Prime Minister Scott Morrison is either desperately lying or ignorant about the Reserve Bank seriously downgrading Australia’s economic outlook – a downgrade that could easily wipe out the government’s “back in black” surplus claim.
“The forecast the RBA has outlined is now consistent with the forecast we had in the budget,” Mr Morrison told reporters on Saturday.
No. That is blatantly untrue.
In the crucial areas of GDP growth and consumption, the RBA on Friday downgraded expectations below the Treasury figures the government is relying on to promise a surplus in the new financial year.
The budget and Treasury’s Pre-election Economic and Fiscal Outlook (PEFO) forecast year-average, real GDP growth of 2.75 per cent in 2019-20. The RBA now says it will be 2.5 per cent.
A quarter percentage point might not look like much, but it’s enough to threaten the claimed $7 billion surplus.
That’s particularly the case when you consider where the RBA highlights further weakness.
The RBA has cut its forecast of consumption growth from 2.5 per cent to 2. The Coalition’s budget forecast growth of 2.75 per cent. Ouch.
It’s not just the government’s economic credibility at stake here.
If the RBA is right, the states are facing further trouble with their GST collections. With that 2.75 per cent consumption growth forecast, Treasury warned the states that GST receipts were expected to grow by only 2.4 per cent in the new financial year, down from 4 per cent this year. Ouch again.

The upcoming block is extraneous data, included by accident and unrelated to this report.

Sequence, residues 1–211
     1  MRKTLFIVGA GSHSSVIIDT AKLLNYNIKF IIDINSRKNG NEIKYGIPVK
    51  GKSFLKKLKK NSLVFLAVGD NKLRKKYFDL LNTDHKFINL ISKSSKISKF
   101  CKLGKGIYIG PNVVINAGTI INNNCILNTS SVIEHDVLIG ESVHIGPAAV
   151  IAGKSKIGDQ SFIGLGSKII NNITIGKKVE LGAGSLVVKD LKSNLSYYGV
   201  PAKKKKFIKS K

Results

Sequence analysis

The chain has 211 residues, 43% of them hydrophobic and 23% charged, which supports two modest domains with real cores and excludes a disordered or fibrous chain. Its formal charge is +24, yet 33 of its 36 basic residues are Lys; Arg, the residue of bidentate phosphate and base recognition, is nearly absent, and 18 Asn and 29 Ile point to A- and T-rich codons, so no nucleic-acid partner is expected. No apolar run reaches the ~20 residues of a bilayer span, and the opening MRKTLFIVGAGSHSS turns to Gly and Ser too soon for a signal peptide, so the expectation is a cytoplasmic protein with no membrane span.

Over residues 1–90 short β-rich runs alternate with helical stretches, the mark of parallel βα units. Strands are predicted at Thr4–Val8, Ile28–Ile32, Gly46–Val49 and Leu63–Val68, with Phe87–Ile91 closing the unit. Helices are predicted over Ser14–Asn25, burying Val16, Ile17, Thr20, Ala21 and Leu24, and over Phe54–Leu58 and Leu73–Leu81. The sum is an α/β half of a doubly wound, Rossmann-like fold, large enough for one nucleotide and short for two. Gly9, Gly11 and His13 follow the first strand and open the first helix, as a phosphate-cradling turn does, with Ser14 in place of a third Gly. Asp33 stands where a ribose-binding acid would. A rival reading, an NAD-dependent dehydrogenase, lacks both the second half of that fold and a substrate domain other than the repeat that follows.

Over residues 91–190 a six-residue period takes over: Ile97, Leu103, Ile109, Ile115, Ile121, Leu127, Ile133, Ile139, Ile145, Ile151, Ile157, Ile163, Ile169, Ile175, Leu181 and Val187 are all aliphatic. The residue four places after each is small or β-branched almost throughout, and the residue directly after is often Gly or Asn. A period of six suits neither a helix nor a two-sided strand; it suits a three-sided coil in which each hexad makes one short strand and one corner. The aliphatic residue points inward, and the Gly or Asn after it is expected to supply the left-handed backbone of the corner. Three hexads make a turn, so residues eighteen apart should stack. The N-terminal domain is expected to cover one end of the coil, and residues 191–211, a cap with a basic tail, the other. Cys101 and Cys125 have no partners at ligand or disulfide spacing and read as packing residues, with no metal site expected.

Perhaps one should give the PM the benefit of the doubt about knowing the central bank had just fired a torpedo at his economic credentials – much of the media seemed to miss it on Saturday morning, too.
A quick flick through the papers in the coffee shop showed the importance of the story was either missed or somewhat hidden.
The Australian played the downgrades small, in both space and positioning.
The Australian Financial Review gave it plenty of column space, but back on page four when it was the major economic and political story of the day.
And Sunday’s Insiders program on the ABC failed to mention it at all, despite devoting considerable discussion to whether Labor would be able to achieve its surplus forecasts. It was curious.
It’s also worth underlining how curious it was that the RBA didn’t trim interest rates last week in light of the downgrades. I can’t remember any similar lack of action when faced with such revisions.
For the Prime Minister, it looks more like a deliberate attempt to mislead the public.
The RBA, for all its forecasting mistakes, continues to have more economic credibility than our politicians of either party.